- Business and Employment
Nate's Work Place Survival Guide Coworkers and Ants
Coworkers and Bosses 2: Clash of the Titans
You may recall the last article in which I compared coworkers and bosses to a colony of ants. This is the most appropriate comparison I can come up with because like many of the coworkers and bosses I've had in my life, I absolutely hate ants.
Oh I appreciate life. I understand the place that ants have in our ecosystem and I would hate to lose them as a valuable asset to our planet. Much in the same way that while I would hate to lose certain coworkers I also don't want them getting into my food, coming into my house, and crawling all over me in the middle of the night.
But lets take the ant metaphor one step further. When I'm in my own house, I'm in charge. Nothing invades my home and forces me to rearrange my schedule. When I go outside, however, the rules change. If have a picnic in the park, I have to deal with the ants coming to my site, getting into my food and possibly biting me. It's a pain in the ass but I have to deal with them. Keeping my sanity, the ability to make money and live in a warm house where I have food and some things to enjoy, all depends on my ability to tolerate the ants in the environment where I must meet them.
Okay. Enough ants.
Do you get my point? Well for those of you who aren't big on metaphors I'll break it down for you: No matter how much your coworkers annoy or disgust you you still have to deal with them. And you may be able to smack one or two of them, but it won't help your situation in the long run.
If you've had work experience in the past then you've probably dealt with some annoying coworkers. On the other hand maybe you have been annoying to other people and you just didn't know it. And so in the interests of fairness I present to you a list of the things that coworkers have done to irritate me, including some of the things I've done to annoy them.
Returing the Favor
The first big pain I have with coworkers from every place I have worked is the apparent inability to return favors.
In addition to working the electronics department at K-mart I also have to cover the fitting rooms on occasion, since the fashion department is right next to electronics. All I really have to do is let people in when they want to try on clothes and I only have to do this when the person working in fashions takes a break or needs to use the restroom.
Now, unfortunately, because of the high risk involved with everything in the electronics department, I can't leave to use the restroom unless someone covers me. This can be a hassle because the fashions associate isn't always in the building or in plain site and even when there are other people to page they don't always show up.
But the worse example of this was a few days ago when I asked one of the floor associates to cover me for a second.
“Oh well, I guess so,” she responded, flustered. “I just hope no one calls me while you're away.”
It would have taken me five minutes to use the bathroom and get back, but she made it sound like I was planning to cook a ten course dinner while I was away. Never mind that whenever I leave electronics while customers are there the odds of something getting stolen are increased. But if the associate covering fashions asks me to cover her I need to do it without complaining.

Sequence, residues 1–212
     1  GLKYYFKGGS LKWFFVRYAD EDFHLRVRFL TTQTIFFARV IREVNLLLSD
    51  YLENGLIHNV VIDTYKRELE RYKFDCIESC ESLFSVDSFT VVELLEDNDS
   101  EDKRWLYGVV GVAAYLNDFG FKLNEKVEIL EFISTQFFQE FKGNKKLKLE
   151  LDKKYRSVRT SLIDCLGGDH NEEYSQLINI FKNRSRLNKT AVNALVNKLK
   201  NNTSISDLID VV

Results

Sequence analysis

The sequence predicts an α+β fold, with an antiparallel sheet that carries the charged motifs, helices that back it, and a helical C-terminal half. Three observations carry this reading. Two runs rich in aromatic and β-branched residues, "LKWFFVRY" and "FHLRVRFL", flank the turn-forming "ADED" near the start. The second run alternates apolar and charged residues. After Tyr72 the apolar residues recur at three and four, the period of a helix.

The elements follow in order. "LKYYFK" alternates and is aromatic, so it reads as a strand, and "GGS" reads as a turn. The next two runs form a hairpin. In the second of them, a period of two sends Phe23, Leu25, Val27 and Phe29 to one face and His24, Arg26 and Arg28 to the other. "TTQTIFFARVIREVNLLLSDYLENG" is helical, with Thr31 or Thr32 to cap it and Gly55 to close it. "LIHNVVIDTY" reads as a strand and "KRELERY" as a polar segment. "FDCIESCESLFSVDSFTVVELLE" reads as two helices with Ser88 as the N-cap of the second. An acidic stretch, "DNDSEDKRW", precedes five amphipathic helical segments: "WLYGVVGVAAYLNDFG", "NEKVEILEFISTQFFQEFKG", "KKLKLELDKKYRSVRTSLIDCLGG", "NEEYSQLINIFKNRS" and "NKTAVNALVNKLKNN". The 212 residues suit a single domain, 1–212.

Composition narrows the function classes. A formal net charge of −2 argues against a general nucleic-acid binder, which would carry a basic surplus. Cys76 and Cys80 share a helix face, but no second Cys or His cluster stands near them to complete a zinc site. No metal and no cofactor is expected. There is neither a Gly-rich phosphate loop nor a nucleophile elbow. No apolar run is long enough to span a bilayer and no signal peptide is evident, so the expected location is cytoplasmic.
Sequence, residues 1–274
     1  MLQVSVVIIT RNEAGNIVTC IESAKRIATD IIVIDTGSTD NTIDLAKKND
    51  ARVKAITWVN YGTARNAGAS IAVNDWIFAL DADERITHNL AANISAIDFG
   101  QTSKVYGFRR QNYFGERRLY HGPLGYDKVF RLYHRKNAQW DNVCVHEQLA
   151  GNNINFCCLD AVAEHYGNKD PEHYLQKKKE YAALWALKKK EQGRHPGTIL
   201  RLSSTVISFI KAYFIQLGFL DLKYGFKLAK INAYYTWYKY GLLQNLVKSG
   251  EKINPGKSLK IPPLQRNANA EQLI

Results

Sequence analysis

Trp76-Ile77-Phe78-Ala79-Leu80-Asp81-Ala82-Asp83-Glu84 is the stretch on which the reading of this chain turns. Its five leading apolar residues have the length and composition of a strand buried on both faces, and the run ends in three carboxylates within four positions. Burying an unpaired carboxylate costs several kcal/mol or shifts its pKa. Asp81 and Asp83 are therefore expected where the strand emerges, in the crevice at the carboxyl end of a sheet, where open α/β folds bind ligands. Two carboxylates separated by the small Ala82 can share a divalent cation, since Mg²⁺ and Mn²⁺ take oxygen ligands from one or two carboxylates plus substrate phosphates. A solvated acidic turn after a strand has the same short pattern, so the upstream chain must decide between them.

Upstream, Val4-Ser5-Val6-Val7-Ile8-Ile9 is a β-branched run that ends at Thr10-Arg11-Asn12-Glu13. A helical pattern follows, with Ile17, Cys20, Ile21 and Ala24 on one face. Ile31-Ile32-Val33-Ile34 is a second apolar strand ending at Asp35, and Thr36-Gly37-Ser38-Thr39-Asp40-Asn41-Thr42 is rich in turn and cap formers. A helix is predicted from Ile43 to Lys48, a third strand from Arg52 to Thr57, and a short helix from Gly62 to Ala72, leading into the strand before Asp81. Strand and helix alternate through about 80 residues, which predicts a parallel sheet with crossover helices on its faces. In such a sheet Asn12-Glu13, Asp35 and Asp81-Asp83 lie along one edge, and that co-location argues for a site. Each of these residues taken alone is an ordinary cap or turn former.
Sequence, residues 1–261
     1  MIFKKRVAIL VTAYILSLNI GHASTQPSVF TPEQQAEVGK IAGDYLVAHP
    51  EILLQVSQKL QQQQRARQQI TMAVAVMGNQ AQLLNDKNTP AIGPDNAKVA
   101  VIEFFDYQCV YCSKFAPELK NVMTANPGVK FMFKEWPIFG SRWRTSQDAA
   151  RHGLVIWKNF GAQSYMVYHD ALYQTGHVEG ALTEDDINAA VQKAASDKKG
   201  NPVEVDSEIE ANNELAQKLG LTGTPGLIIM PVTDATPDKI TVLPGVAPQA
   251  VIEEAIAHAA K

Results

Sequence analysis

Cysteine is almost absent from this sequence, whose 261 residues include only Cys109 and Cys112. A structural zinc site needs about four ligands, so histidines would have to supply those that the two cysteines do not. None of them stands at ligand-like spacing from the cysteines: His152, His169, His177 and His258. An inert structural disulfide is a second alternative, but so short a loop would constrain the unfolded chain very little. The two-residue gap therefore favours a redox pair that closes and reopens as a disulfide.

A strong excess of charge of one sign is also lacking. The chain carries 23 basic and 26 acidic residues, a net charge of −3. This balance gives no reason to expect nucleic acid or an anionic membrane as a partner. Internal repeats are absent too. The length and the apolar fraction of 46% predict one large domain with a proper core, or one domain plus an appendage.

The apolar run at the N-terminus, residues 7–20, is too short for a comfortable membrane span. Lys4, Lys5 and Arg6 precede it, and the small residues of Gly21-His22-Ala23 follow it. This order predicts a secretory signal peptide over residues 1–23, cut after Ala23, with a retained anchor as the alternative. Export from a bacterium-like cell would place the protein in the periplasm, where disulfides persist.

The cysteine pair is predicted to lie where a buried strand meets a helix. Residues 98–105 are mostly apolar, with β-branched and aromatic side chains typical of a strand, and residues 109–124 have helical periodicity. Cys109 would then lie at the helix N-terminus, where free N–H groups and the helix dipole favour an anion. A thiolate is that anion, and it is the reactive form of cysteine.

In the airport we are given special ID badges. You hold the badge over the keypad and when it gives you a green light you key in your four digit number that airport security issues along with your badge.
When you follow someone into a secure area without entering your number in it is called "Piggy Backing" and the TSA does not allow this.
Pots and Kettles
There was a guy who worked at the airport as a detailer. During the first couple of weeks I got along fine with him but there were minor things that were starting to annoy me about him.
He would piggy back* into secure areas. He would do a half-ass job on the plane, leaving garbage in the seats and full air sickness bags. We had to vacuum the carpet on the planes and if he was assigned to do it and the vacuum so much as sputtered he would declare it broken and wouldn't bother doing it.
Adrianne, one of the supervisors wrote him up for leaving a plane before she gave the go ahead and he refused to do anything she told him from then on out, saying that he “lost respect” for her. Not a smart move considering her husband was in charge of the ground crew during the day, but I digress.
One evening we were expecting the manager of the company that signed our paychecks. We were a subcontractor for US Airways and he was making sure we were doing our jobs correctly. I was so obsessed with making sure everything was cleaned that I missed arranging the seat belts on ONE of the seats. We're supposed to cross them before moving to the next seat. I missed ONE.
“Crawford!” Victor shouted from the back. I was in closer to the front of the plane.
“What?” I replied.
“You missed one!”
When I realized it was the seat belts not being crossed I shrugged. It was just one minor thing after all. But oh no, Victor had to take it up a notch because I was always so “tight on him”, whatever that meant.
It didn't help that the supervisor in charge, Larry, was Victor's drinking buddy off the clock. Larry sided with Victor so of course I was in the wrong. We'll go over morons in supervisory positions in the next article.
Not Handling Change Very Well
One my biggest challenges is dealing with small changes to my routine. Very early in I could not handle a schedule that had me closing at night and opening the next morning and I would complain to the manger in charge constantly.
If a new manager told me to do something that wasn't a part of my normal routine I would complain to anyone who would listen, even customers, which I know now was very unprofessional behavior.